Phyllis Lyon: “It Will Be OK”
May 27th, 2009
LGBT civil rights pioneer Phyllis Lyon, along with her partner Del Martin, helped to found the Daughters of Bilitis in San Francisco clear back in 1955. By then, Phyllis and Del had already been together for five years. Their concerns at that time were much simpler than marriage. People were regularly getting fired and thrown out of their homes for being gay. Besides, marriage was just not an option — not even something to fantasize about, as far as they were concerned.
But Phyllis and Del made history by becoming the first same-sex couple to be married in the state of California. They were first twice — once when Gavin Newsom began issuing licenses in 2004, and again for keeps after the California State Supreme Court ruled for same-sex marriage in 2008. Del passed away in August, a married woman.
Writing in the Los Angeles Times, Phyllis expressed her disappointment over Prop 8, but she knows that history is on our side:
I’m optimistic about the future. Look at all the states that have now done this. Boom. Boom. Boom. Boom. They may not all last. But it’s going to be all right. It may not be while I’m alive, but eventually it will work out that if two people want to get married, they can get married and it won’t matter to whom. We went through this before with people of color. It will be OK.
I share her optimism. She knows as well as anyone how far we’ve come. As I said yesterday, it’s time we took the long view because this has been long struggle. There will be setbacks, but there will be more victories. No one could have imagined ten hears ago that we’d where we are today. Prop 22, which limited marriage to opposite-sex couples in California, passed with a margin of 23% in 2000. Eight years later, Prop 8 passed with a margin of just over 4%.
Prop 8 is a huge disappointment today, and we are all justifiably angry that our rights can be put to a popular vote. No one else has had their rights stripped at the ballot box in the history of this republic. But there will be a time when we will look back on Prop 8 as a blip. Just remember how far we’ve come, and how close we are to achieving equality. And look at where we have equality today in places we never dreamed possible just a yeara ago, let alone nine years ago when Prop 22 passed by a landslide. It may not feel like it today, but we really are getting there. Take heart.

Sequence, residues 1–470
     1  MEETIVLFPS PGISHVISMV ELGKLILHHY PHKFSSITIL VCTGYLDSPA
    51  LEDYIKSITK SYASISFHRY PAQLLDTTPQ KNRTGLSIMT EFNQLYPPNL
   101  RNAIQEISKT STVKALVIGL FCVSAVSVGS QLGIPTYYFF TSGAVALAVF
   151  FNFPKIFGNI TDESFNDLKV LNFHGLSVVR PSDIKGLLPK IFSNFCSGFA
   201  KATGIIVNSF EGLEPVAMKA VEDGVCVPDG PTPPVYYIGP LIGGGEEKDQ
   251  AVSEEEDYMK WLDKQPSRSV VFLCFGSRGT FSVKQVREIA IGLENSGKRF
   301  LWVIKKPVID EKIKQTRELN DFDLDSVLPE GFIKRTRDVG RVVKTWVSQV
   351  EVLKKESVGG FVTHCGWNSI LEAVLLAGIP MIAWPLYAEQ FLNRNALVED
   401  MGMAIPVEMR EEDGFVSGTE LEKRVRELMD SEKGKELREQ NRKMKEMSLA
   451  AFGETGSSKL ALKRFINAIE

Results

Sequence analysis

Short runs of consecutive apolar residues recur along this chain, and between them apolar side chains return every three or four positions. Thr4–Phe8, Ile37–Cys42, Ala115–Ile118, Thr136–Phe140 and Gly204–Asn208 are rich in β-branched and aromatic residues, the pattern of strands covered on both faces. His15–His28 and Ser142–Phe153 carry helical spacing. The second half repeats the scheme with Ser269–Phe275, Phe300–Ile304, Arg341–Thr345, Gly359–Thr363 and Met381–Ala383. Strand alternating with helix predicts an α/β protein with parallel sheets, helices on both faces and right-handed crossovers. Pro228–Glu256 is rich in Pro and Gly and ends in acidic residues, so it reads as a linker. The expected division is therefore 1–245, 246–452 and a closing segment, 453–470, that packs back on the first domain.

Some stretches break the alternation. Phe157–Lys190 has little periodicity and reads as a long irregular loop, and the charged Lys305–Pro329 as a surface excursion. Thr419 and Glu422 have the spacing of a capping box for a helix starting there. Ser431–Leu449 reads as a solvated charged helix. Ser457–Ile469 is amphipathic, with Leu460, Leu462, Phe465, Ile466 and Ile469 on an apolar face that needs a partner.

Our Godmothers Exchange Vows
June 16th, 2008
The first same-sex marriages took place in California, beginning at just one minute after 5:00 p.m. local time.
This is Phyllis Lyon (right, 83) and Del Martin (left, 87) of San Francisco. They have been together for fifty-five years. They, along with six other women, founded the Daughters of Bilitis in 1955. The Daughters were the first major lesbian organization in the United States. Phyllis edited the DOB’s newsletter The Ladder beginning in 1956. Del edited The Ladder from 1960 to 1962. The Daughters eventually disbanded in 1970 after having established chapters all across the United States
In 1964, they helped found the Council on Religion and the Homosexual, bringing together national religious leaders and gay and lesbian activists for a national discussion of gay rights. Phyllis was also the first open lesbian to serve on the board of the National Organization for Women in 1973. Meanwhile, Del was heavily involved in getting the American Psychiatric Association to remove homosexuality from its list of mental disorders.
When Del and Phyllis met in 1950, the very idea that their relationship would someday be recognized by the state must have seemed utterly outlandish. But these pioneers have made a real difference for millions of gays and lesbians the world over, not just here in the United States. You might say that they are godmothers to all of us and our movement. After all these years of their hard work and dedication to the cause of lesbian rights, it’s hard to imagine a more appropriate couple to be the first to marry in San Francisco.
We not only offer our congratulations, but also our deepest thanks for all that Phyllis and Del have done, and all that they represent.
Tom Brokaw: No Gays In His ’60’s
November 26th, 2007
Tom Brokaw’s new book, Boom! Voices of the Sixties is supposed to be a sweeping review of all of the highlights of that pivital decade for social change. Brokaw left virtually nothing untouched: civil rights, the war, feminism, the sexual revolution — all of it is right there in his exhastive review. Except for one thing: There are no gays in the Sixties.
No Stonewall, no protests in front of the White House or Independence Hall, no Civil Service expulsions, none of that is a part of Tom Brokaw’s “Sixties.” And that has 1960’s gay rights activist and icon Frank Kameny livid. Kameny, whose memorabilia was recently featured in a display at the Smithsonian Institution fired off a stirring rebuttal to Brokaw’s silence on a very important part of America in the 1960’s. Reminding Brokaw that “Gay is good” (Frank coined that phrase in 1968.) Kameny reminds Brokaw of the great sweep of history that Brokaw overlooked and demands an apology.